Did you know that you can tell by the dentes if an animal is a carnivore, herbivore, or omnivore? Best way to tell is by looking at their incisors, if really sharp they are carnivores! Also, as indicated by the center photo, you can tell if an animal is a predator or prey. If an animal has the eye sockets facing forward they are predators, if they are facing to the sides they are prey. Animals need to have eyes on the side of their head to have access to their surroundings and potential threat. Animals with eyes facing forward need to be able to hone in on their prey. Thanks Ranger Jake!
Last, but not least I was finally able to see the famous CHEER program and garbage museum. What a treat! Herman Garcia was very passionate about trash and what we find in our creeks and dedicated a lifelong effort to not only clean up his own creek, but to clean up the entire waterways. His stories were phenomenal and the garbage museum was equally so.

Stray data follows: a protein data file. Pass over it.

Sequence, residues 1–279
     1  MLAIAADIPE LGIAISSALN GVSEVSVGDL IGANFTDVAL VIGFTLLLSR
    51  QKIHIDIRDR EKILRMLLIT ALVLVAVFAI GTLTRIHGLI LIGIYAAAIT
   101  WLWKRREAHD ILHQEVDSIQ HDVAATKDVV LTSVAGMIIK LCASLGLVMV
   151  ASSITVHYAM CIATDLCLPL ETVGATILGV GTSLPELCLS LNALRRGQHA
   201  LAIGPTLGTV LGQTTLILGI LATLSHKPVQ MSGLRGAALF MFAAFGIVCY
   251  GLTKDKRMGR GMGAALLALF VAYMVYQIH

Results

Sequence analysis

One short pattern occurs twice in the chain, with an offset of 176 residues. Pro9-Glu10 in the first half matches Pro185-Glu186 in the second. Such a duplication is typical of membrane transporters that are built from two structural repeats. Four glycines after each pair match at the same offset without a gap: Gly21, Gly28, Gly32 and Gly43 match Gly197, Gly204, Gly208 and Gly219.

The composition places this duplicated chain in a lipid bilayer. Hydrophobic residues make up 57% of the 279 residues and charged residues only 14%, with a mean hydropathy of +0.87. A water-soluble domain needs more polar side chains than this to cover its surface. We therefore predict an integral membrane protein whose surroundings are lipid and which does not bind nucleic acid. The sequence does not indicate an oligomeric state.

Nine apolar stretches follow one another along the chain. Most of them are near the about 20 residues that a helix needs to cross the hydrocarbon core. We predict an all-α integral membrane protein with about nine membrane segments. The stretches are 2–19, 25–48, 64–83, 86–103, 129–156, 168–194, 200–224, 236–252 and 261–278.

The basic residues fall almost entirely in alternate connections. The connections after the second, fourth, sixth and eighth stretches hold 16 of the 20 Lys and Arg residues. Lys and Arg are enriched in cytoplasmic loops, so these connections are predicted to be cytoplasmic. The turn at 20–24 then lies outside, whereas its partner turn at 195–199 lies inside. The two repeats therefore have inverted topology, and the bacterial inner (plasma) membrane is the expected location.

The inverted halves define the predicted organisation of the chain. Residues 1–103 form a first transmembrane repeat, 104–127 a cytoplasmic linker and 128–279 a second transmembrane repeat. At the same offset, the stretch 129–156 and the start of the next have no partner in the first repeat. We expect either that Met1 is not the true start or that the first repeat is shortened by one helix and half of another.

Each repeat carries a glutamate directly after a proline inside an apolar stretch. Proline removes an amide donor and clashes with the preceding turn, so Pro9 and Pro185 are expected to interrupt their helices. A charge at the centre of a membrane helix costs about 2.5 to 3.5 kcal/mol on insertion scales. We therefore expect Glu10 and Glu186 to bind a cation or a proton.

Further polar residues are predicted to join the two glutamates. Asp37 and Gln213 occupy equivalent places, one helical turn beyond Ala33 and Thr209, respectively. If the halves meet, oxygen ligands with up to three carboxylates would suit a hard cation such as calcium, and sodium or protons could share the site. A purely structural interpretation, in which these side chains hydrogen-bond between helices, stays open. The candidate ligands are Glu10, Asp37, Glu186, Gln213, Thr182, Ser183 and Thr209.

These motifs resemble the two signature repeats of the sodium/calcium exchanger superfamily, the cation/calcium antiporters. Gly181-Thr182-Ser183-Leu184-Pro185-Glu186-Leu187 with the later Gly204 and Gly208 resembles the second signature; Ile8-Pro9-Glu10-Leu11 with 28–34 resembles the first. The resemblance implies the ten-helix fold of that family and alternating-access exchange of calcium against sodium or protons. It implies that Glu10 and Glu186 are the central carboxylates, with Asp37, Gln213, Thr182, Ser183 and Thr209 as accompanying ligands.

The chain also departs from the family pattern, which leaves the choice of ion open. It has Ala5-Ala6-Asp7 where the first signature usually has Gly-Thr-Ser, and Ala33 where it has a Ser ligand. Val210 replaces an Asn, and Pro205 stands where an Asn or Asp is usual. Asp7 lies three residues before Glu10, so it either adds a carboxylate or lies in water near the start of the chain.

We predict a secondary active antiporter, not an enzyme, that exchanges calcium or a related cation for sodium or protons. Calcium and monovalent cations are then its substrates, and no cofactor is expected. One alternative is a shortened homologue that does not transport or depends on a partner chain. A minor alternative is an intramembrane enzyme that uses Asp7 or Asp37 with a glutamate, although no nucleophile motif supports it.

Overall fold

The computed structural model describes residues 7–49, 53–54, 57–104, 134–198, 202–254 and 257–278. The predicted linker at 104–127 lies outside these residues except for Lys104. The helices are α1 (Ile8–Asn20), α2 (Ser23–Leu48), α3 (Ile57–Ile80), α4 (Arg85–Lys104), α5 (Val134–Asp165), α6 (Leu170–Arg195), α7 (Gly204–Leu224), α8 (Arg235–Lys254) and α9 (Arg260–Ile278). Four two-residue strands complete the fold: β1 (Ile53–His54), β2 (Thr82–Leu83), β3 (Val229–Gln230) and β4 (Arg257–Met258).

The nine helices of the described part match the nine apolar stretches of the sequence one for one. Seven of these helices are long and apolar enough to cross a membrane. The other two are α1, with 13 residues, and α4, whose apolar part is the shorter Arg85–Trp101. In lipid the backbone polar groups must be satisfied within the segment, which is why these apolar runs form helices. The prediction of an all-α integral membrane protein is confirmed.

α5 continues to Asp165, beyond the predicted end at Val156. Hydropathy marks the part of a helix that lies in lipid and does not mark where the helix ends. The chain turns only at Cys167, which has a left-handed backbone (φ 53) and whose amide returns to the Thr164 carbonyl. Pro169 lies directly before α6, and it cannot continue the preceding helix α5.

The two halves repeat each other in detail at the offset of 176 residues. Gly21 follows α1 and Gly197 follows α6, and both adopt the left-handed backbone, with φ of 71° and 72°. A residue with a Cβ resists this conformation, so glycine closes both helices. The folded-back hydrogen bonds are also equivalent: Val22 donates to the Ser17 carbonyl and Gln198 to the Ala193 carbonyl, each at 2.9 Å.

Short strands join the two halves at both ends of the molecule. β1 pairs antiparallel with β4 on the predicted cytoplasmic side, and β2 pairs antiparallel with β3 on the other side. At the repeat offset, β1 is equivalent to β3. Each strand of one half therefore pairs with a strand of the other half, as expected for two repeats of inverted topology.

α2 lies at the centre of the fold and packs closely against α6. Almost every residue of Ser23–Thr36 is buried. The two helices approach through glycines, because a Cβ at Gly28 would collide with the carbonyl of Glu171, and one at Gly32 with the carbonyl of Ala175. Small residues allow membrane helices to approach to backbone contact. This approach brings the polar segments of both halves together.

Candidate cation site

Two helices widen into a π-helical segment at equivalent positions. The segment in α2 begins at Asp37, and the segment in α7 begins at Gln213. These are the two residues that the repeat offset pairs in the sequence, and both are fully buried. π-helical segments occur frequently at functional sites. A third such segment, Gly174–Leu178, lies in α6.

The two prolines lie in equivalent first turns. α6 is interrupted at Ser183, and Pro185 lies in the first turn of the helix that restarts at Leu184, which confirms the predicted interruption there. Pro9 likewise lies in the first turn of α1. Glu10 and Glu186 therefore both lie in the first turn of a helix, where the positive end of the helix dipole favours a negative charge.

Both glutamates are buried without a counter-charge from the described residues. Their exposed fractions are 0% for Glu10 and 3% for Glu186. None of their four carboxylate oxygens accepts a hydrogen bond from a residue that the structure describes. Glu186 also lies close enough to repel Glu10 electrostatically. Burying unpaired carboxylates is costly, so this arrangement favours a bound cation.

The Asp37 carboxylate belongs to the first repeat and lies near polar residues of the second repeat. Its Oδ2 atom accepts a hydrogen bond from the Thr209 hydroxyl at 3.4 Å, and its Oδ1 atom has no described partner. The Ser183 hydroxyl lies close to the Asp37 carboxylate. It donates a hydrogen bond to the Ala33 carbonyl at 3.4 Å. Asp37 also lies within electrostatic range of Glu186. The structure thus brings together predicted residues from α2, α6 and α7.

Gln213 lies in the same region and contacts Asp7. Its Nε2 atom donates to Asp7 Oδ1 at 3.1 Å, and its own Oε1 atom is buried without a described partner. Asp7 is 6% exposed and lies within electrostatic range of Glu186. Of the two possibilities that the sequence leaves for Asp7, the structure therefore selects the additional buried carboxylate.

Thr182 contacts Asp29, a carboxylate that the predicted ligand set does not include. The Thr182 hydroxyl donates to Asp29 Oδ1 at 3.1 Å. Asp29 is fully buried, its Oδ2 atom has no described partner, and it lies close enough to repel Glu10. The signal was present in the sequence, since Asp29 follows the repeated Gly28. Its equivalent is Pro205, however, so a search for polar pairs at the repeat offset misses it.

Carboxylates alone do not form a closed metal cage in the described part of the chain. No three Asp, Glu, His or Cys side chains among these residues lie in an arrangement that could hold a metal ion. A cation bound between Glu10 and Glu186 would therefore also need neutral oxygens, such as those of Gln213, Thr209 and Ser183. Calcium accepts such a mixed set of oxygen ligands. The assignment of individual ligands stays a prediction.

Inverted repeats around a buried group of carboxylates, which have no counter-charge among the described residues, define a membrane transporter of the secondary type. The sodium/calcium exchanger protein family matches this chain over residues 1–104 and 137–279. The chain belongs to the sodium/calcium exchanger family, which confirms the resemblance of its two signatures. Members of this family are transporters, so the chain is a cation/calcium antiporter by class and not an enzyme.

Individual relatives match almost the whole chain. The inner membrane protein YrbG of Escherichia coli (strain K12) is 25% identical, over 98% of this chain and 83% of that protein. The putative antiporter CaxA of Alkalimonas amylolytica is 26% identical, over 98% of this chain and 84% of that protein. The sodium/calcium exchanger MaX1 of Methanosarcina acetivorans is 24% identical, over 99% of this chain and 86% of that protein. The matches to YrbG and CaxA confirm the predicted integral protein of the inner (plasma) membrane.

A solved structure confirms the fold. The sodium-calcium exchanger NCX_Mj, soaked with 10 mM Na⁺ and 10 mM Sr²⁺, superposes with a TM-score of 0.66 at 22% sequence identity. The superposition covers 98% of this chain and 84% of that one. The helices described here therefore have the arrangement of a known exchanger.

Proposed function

What this opportunity and guest speaker gave us was the information on what we are finding in our creeks, and the importance of keeping trash in the designated spaces we have offered with landfills and recycling options. Herman Garcia’s son, Aaron Garcia, also had a solution to all this trash we were finding. He’s a director of community relations and highlighted the importance of programs like the Green Education Foundation where they take recycled materials like clothes, Capri Suns, old stuffed animals, bottles, and more and make them into entirely new and fun materials. I saw bags, small stuffed animals, wall art, ash trays made from bike chains. The opportunities are endless. He even suggested that they were planning on holding workshops to teach people who are interested in how to reuse old items and recreate them into new everyday things
This was a fascinating tour which gave me the opportunity to learn about the environment, learn about open space, the importance of corridors for flora and fauna to roam and grow, sustainable gardening, and the importance of keeping our creeks free of trash and reusing materials. Many thanks to all the guest speakers and to Deb Kramer to organizing this event. To learn more about the partners involved with the tour, see below: